The problem of Libertarianism is that it believes in an abstract form of freedom and they all differ greatly with each other on what that freedom allows. Which is the trouble with the word – it invites all sorts of people of kinds of philosophical backgrounds, with no consistent ideology. They use words like freedom, liberty as buzzwords to further their own usually selfish agendas; words like ‘statist’ and ‘socialist’ used like insults.
So different they are that they normally call themselves something else like classical liberal, Thatcherites, Ron Paul worshippers, Mises school adherents, free market anarchists…. List goes on, but they all call themselves ‘libertarian’ just to oppose statism. If they are in the same room together they would be arguing in minutes be the conversation be economics or (more explosively) social issues (though better yet just watch them argue online).
Libertarians rightly concede that one’s freedom must end at the point at which it starts to intrude upon another person’s but they severely underestimate how easily this happens. No man is an island. So even if the libertarian principle of “if it harms no one, do as you will” is true, it does not permit the behaviour libertarians claim.
For example with pornography: a libertarian would say it should be allowed because if someone doesn’t like it, they can choose not to watch it. But what others cannot do is choose not to live in a culture that has been vulgarized by it. I apply this with drugs too, I will be forced to live in a more dangerous, miserable and (as I have argued before) more authoritarian world.
Some libertarians I have come across rarely live up to their own theory but tend to indulge in the nice parts while declining to live up to the difficult portions. Such as those who ignore drug laws but continue to collect what they deem “socialist” government benefits they consider illegitimate such as child benefit, and free NHS care. Many also bemoan taxation on other threads of this forum but it is considered ok to tax legalised drugs and/or for drugs to be available through the state for some reason.
Funnily enough I think most people don’t want absolute freedom which is probably why democratic countries haven’t elected a purely libertarian government. Ironically people don’t seem to choose absolute freedom. This also refutes libertarianism by its own premise that people will choose to do good, as libertarianism believes that people will freely choose goodness, yet people do not choose it. Paradoxically, people exercise their freedom not to be libertarians.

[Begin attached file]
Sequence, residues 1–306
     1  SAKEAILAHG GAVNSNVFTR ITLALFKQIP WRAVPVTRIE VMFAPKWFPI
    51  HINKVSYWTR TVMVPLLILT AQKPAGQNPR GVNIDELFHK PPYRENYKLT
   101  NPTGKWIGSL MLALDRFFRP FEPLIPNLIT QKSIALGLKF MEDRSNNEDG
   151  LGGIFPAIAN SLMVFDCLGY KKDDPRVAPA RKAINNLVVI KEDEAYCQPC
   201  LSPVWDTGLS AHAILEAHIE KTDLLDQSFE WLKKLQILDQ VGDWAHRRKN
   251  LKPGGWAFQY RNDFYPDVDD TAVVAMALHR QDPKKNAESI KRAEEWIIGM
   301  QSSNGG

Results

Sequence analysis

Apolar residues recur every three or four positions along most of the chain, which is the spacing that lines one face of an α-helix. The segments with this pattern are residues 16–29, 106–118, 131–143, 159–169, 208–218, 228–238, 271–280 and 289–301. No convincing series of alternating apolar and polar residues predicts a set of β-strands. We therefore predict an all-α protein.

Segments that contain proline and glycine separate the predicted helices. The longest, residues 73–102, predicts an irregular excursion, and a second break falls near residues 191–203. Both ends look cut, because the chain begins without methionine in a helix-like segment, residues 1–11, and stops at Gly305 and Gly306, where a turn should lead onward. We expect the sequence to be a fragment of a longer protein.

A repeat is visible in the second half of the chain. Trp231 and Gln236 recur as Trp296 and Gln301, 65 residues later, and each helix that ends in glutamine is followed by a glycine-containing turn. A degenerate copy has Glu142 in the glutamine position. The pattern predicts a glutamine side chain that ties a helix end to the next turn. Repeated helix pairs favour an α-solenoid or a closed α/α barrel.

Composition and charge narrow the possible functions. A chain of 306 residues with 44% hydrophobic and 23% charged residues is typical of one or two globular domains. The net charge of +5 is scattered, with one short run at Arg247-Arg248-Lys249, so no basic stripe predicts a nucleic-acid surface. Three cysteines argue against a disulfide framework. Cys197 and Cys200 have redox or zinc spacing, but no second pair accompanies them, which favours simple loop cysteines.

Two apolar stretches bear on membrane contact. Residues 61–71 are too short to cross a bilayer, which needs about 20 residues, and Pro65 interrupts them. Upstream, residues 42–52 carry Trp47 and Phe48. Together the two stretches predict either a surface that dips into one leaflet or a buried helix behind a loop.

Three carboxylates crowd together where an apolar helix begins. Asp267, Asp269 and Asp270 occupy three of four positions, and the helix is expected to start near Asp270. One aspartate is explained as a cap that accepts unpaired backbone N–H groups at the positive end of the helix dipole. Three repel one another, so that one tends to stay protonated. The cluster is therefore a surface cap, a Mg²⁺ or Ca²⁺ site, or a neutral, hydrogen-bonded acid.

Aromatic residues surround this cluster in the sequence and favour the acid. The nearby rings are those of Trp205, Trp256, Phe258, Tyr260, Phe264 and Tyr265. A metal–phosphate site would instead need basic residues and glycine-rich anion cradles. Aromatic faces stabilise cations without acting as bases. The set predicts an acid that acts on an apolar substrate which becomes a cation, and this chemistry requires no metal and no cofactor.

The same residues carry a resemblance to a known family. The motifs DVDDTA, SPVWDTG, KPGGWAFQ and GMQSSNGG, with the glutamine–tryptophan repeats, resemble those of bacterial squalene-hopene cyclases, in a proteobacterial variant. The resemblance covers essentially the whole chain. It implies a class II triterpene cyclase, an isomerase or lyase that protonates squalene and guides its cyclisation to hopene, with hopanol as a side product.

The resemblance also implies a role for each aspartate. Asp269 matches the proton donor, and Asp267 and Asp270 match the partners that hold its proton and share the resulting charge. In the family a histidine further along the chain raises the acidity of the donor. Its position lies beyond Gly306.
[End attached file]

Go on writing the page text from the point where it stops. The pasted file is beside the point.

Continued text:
Society is dependent upon taught self-restraint if it is not to slide into barbarism, and libertarians attack this self-restraint along with the liberal classes of the last 40 years. Ironically, this often results in internal restraints being replaced by the external state led restraints of police and prison and the innumerable petty extra laws brought in by Nu Labour, resulting in less freedom, not more.
Libertarianism has a lot to say about freedom but little about learning what to do with it. Freedom without order is dangerous at best and useless at worst. If find libertarianism too dogmatic in because of its belief that all free choices are equal, which it cannot abandon except at the cost of admitting that there are other important ideals other than freedom. With no transcendent sanctions for conduct libertarians are left with only the utilitarian method of applying the cost/benefits analyses and calculators to social issues. With economists as their clergy they can now see that anything that generates tax and economic growth as “good”.
I can see the word "libertarian" quickly losing its meaning and fast become nebulous in years to come, and to mean just something "liberal". Just like the word "fascist" has lost its meaning and used in place of the word "bad" and hurled like an insult - I think libertarian will be the inverse. That is meant to be something "good" and worn like a medal of righteousness. It is happening now already being used a buzzword for liberal.
UKIP labelling itself liberal could indeed get it more votes, but in my opinion UK politics does not need another liberal party - we have too many of those in Westminster at the moment. Britain needs to return to proper parliamentary politics whereby we have two or (preferably) more parties of opposing ideas. There is no dissent or major disagreement in the Commons, and it is this what is killing true parliamentary politics for everyone.
By jumping on this "libertarian" bandwagon (which does stink of a ill thought out PR marketing move), UKIP have now forged its own chains and manacles. Bhurka bans (No, I was not in favour of it) and stance on gay marriage will now look foolish and contradictory.
UKIP was better off unlabelled with no ideology.